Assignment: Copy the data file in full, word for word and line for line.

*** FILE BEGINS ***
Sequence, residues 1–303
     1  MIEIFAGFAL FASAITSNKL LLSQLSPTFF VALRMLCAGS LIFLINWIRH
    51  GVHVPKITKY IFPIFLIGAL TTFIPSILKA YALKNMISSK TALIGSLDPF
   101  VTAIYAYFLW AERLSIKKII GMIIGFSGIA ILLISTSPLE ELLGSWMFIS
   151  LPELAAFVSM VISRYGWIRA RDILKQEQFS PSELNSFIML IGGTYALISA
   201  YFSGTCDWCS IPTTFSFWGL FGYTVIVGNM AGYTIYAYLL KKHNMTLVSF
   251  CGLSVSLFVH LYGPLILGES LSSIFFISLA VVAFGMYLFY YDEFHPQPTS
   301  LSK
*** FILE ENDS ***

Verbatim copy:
Sequence, residues 1–303
     1  MIEIFAGFAL FASAITSNKL LLSQLSPTFF VALRMLCAGS LIFLINWIRH
    51  GVHVPKITKY IFPIFLIGAL TTFIPSILKA YALKNMISSK TALIGSLDPF
   101  VTAIYAYFLW AERLSIKKII GMIIGFSGIA ILLISTSPLE ELLGSWMFIS
   151  LPELAAFVSM VISRYGWIRA RDILKQEQFS PSELNSFIML IGGTYALISA
   201  YFSGTCDWCS IPTTFSFWGL FGYTVIVGNM AGYTIYAYLL KKHNMTLVSF
   251  CGLSVSLFVH LYGPLILGES LSSIFFISLA VVAFGMYLFY YDEFHPQPTS
   301  LSK